Google has no plans to redirect this money into the United States
Many companies in the United States have money stashed away in offshore accounts, and Google is no different. The company has admitted that it has between $20 billion (€14.6 billion) and $30 billion (€21.9 billion) outside the United States, which will be used to make overseas acquisitions.The revelation was made in a letter it sent to the Securities and Exchanges Commission (SEC) and is dated back in December, although it has just been published. The SEC wanted to know more details about how Google was planning to reinvest these funds into its foreign subsidiaries.
Google refrained from paining a timeframe for when it would spend the huge reserve on acquiring foreign businesses, but justified its existence nonetheless. It even explained that in 2012, half of its revenues were earned in markets outside the United States.
More interesting, however, is the fact that Google was close to signing a costly deal that would have lowered the company’s stash by up to $5 billion (€3.65 billion). The name of the company that Google was going to acquire is not revealed in the file, but had it gone through, it would have been one of the biggest purchases for the company.
Google did point out that it spent $1.4 billion (€1 billion) on 20 acquisitions in 2013. The purchase of the Israeli social mapping startup Waze accounted for most of this sum. These deals were funded by Google’s cumulative “indefinitely reinvested non-US earnings.” This means that it comes from cash that does not return to the United States, something that tech companies, Google included, have come under fire for.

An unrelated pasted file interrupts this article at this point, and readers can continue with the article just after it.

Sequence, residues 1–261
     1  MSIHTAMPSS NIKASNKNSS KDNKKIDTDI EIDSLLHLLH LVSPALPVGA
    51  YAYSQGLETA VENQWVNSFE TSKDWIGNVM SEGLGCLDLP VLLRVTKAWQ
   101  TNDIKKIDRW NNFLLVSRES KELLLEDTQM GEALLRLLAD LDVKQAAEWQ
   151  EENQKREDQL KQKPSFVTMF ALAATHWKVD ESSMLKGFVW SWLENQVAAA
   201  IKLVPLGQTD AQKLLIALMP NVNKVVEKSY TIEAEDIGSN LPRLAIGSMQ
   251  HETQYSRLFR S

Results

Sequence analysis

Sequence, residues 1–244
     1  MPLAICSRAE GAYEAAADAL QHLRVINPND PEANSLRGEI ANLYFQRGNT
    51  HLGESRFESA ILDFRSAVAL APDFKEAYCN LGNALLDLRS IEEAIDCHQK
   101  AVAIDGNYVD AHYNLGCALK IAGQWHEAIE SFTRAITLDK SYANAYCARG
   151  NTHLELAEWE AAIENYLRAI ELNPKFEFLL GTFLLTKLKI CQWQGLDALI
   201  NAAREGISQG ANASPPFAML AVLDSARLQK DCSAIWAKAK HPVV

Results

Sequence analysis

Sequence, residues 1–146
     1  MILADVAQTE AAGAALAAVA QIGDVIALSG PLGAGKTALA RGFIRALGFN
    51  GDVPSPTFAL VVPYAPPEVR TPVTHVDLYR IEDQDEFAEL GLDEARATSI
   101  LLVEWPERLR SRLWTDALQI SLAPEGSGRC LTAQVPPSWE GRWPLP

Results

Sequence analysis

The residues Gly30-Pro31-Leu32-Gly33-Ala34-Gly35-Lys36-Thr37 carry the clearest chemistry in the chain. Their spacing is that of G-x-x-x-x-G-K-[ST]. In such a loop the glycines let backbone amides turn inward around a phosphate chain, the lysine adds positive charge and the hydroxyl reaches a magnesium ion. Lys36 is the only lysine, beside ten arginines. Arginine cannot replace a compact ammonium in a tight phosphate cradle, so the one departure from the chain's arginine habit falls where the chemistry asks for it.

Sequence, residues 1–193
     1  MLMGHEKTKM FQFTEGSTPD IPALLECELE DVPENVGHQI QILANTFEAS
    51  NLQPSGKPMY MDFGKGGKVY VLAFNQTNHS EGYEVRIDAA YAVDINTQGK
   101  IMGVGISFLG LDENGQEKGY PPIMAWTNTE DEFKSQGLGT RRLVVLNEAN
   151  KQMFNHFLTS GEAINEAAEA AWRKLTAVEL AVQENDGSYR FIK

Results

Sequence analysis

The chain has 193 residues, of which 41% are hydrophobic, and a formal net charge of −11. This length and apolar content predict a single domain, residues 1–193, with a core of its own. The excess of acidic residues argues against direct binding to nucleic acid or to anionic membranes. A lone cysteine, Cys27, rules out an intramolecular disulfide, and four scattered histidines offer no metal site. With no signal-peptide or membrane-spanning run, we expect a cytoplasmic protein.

The Internet giant mentions that the sum stored in overseas accounts will only grow, just like the rhythm in which Google funds them. Back in 2010, the company had some $18 billion (€13.13 billion), while in 2012, it grew to $33 billion (€24.08 billion).
“We anticipate that any annual incremental growth in the cumulative indefinitely reinvested non-U.S. earnings from year to year will continue to scale at a consistent rate with our overall needs to support continued expansion plans in future years,” reads the file submitted with the SEC.
Despite the criticism, the money Google has in offshore accounts isn’t just sitting there. The company has used plenty of it for investments in its US business, such as the acquisition of Motorola Mobility.
Google’s foreign subsidiaries had reserves of $34.5 billion (€25.17 billion) in March, out of the total of $59.5 billion (€43.4 billion).